[Union Soldier Holding Rifle, with Photographer's Posing Stand]
Visible: 8.7 x 6.5 cm (3 7/16 x 2 9/16 in.), oval
Passe-partout: 10.7 x 8.2 cm (4 3/16 x 3 1/4 in.)
Frame: 16.5 x 14 cm (6 1/2 x 5 1/2 in.)
The Horace W. Goldsmith Foundation Fund, through Joyce and Robert Menschel, 2011
Not on view
The purpose of the odd pronged apparatus seen in this portrait of a typical Union recruit was to keep the sitter’s head rigid during the exposure of the wet-plate glass negative—between a fraction of a second and several seconds, depending on the time of year and the atmospheric conditions. The device was not meant to be seen by the camera and is generally invisible in the era’s portraits. This ruby glass ambrotype in a thermoplastic wall frame is an exception to the rule.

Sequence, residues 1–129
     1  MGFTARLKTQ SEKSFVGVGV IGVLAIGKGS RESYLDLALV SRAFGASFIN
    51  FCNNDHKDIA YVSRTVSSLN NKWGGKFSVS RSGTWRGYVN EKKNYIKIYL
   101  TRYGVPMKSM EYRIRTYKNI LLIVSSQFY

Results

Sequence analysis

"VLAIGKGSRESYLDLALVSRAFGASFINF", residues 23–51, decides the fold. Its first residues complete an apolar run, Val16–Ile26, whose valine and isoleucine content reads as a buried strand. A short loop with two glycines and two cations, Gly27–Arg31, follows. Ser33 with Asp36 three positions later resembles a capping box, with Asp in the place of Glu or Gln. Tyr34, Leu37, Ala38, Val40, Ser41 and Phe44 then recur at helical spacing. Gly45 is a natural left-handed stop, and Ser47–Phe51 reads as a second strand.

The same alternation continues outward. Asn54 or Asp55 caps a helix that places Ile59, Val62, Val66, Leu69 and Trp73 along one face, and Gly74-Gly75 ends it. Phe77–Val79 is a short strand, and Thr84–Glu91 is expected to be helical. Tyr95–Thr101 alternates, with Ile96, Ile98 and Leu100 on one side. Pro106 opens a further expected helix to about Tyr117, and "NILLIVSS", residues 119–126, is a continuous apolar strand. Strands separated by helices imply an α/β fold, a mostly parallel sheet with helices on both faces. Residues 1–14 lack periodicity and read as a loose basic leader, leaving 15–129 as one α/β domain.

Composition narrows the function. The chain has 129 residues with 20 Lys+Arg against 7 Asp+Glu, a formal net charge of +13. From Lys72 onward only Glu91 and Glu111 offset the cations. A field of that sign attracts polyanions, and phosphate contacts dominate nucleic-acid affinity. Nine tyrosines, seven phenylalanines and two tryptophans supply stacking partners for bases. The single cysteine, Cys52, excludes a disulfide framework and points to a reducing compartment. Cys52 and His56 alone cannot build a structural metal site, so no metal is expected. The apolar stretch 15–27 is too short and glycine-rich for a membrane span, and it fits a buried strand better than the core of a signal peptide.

[Greg French Early Photography, Jamaica Plain, Massachusetts, ?–2011]
The Metropolitan Museum of Art. "Photography and the American Civil War," April 2, 2013–September 2, 2013.
Gibbes Museum of Art. "Photography and the American Civil War," September 27, 2013–January 5, 2014.
New Orleans Museum of Art. "Photography and the American Civil War," January 31, 2014–May 4, 2014.